E23: The Biggest Investment Pitfalls and How to Avoid Them

In this episode, we sit down with a special guest, Ray Poteet — the founder of Living Wealth. We discuss the biggest investment pitfalls to be aware of and how you can learn from his mistakes, so you won’t have to suffer like he did.

How to spot investment pitfalls is harder than experiencing them. And the road to growing your financial freedom is littered with landmines. Some are similar, but most tend to be unique and hard to spot the first time around. Sometimes we even repeat mistakes if they’re not pointed out to us by a trusted guide.

They’re not hard to spot. You just have to know what you’re looking for. And, Ray shares the worst of them in this episode.

Investment Pitfalls Shared and Topics Discussed:

  • The folly of looking at rates
  • When an advisor doesn’t own the things they sell
  • The danger of chasing “the next big thing”
  • When you should never borrow to invest
  • Why money needs to always be in motion
  • Staying platonic with investments and keeping with rational investment decisions

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Podcast transcript for episode 23: The Biggest Investment Pitfalls

Nate: In this episode we have brought in special guest, Ray Poteet, founder of Living Wealth to discuss the biggest investment pitfalls to be aware of and how you can learn from his mistakes so you won’t have to suffer like he did. She’s Holly and she helps people find financial freedom.

Holly: He’s Nate. He makes sense out of money. This is Dollars and Nonsense. If you follow the herd, you will be slaughtered.

Nate: All right, Ray. Thanks for being on with us today and we thought it would be a great time to share with our listeners the mentor for both Holly and me. What you’ve taught us. We know you’ve been through the rigamarole, the gamut of investing and some failures in there. We thought you’d be the perfect person to interview for this to maybe give the listeners an idea of what a bad investment looks like and how to spot on a mile away so they won’t have to jump in.

Ray Poteet: How to spot it might be harder than experiencing it. The reality is as you shared with me last week to give you some examples. It was really interesting what the Lord brought to me, but the first one was that I was mesmerized and fooled like everyone else. I saw the big cars, the nice offices, the way they dressed and thought, gosh this has to work. They must be doing it. As I look back and have went through that myself, I realized it wasn’t the investments that they had encouraged me to get into or things like that, it was the commissions and the fees that were being made off the money I was giving them.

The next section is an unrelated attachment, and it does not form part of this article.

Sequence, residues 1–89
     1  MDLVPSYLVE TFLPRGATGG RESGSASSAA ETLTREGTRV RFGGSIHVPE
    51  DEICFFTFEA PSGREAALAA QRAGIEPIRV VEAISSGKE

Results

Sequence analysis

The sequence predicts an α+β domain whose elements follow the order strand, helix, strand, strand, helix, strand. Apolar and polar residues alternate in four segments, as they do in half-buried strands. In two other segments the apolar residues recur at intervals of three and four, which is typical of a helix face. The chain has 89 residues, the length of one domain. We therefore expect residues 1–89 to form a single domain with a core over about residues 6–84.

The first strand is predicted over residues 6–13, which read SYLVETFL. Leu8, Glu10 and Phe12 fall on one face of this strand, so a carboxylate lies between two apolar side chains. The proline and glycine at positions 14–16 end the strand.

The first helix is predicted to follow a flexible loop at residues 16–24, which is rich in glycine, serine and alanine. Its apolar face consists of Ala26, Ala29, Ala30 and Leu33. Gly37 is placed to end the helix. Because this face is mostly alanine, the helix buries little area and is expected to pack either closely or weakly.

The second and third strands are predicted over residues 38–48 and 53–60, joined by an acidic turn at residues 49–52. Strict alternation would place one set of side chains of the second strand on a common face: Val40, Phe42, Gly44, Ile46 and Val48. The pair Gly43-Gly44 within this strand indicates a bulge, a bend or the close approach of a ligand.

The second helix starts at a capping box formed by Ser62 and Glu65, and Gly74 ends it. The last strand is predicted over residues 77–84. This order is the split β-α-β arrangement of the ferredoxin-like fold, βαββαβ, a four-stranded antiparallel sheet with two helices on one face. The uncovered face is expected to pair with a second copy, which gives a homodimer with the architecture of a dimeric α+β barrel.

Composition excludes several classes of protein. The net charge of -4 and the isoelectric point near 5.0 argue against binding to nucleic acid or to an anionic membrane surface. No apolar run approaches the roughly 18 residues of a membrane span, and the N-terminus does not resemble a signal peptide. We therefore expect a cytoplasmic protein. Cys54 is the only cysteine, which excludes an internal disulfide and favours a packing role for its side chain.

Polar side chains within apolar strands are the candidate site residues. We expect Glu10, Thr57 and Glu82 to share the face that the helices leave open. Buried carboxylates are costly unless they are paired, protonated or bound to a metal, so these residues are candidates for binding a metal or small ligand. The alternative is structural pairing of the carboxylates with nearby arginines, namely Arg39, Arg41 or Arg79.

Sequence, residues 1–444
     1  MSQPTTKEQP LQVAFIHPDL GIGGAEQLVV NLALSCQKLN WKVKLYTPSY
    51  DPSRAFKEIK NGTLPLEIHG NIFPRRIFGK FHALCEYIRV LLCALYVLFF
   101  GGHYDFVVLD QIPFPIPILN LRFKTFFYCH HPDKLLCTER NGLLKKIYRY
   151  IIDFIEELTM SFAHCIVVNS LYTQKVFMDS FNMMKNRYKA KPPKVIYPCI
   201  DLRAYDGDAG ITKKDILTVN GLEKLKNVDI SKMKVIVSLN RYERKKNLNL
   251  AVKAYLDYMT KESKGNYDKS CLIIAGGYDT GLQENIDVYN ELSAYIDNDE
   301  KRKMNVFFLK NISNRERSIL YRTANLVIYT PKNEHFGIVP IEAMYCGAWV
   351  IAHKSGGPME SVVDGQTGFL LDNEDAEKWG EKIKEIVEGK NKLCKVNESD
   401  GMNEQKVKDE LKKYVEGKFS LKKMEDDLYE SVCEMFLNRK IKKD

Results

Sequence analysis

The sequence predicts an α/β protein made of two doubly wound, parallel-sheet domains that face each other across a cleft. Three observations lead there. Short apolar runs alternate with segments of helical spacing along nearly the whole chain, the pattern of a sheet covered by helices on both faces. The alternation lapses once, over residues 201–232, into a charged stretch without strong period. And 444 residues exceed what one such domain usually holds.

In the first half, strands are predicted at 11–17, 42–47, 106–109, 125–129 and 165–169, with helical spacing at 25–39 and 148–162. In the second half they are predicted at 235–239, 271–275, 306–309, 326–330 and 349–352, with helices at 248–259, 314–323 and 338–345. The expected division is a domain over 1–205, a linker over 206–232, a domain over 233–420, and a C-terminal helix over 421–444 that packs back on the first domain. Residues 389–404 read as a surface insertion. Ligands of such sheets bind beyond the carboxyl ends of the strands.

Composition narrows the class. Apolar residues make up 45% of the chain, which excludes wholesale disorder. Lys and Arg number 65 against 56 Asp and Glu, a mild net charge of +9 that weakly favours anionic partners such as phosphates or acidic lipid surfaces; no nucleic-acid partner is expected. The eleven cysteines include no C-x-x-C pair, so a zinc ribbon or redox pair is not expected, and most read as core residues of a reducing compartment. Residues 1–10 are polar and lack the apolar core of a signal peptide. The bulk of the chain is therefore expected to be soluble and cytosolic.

As I grew I realized that I had been sort of hoodwinked to look at rates. Even as I got into the market and started managing money, I looked at rates and never really was taught to look at anything but rates. As you know, that changed dramatically in 2001, but up to that time I’d worked hard through the really qualified plans. Porting the money, bringing it in, waiting for retirement and it was interesting, I never got phone calls from the clients while the market was going up. I got all kinds of phone calls when the market was going down and there was no stability.

We had a really chasing mode. Okay, while it was going up we got in at the wrong time. When it was going down we got out at the wrong time. All kinds of things, but it was all really dealt and based on the premise of what I had saw from others. As I was in the market I realized, I wasn’t getting rich off my holdings, I was getting rich off the selling of the products and the fees that I was getting from it. I thought that-

Nate: You were making more money then your clients were is what you’re saying.

Ray Poteet: A lot more.

Nate: Yeah.

Ray Poteet: A lot more. In other words, I was in everything I had recommended for my clients, if it was bad for them it was terrible for me. I had some terrible experiences, but I was doing very well financially not from the investments but from the fees and commissions and was never taught any different. Not by the industry or by the people I was around until 2001. That was really a breakthrough time period. The very thing I would say is look at the people that you respect financially. Look how they’re dressed, look what they drive, look where they live and there’s a lot of phonies going on. A lot of people that pretend they’ve got money and they don’t. I’ve seen this in the industry just since I’ve been in it.

What amazes me is how many counselors there are that are recommending products that they don’t own. I’ll go back to my dad, he gave me really sound advice and I’ve used it since I’ve been in business. That is if it isn’t good enough to buy, it isn’t good enough to sell. There’s a lot of people that don’t practice that. I would tell you the number one thing, don’t get deceived by where they live, what they drive, how they look or where their office is, but ask to see their portfolio. That would be one of the very first things. You’re asking me to buy this, one of the things to just throw back, do you own it and how much of it? If not, why would you recommend it to me? Most of them say, well that’s not really the point.

I would say that number one issue is buy things that they buy, do what they do, if they’re on the up and up. That’s why today I feel very good about what we’re doing. I own everything that we present and I really do mean it would be terrible for me if it’s bad for you, because I’m putting a lot more money in it than most of my clients are. There are a few that are putting more in it than me, but it is very important not to get deceived. I think it would be almost better if you were blind and had somebody reading things for you because the eye is very deceitful because it believes many of the things it sees, even counterfeit.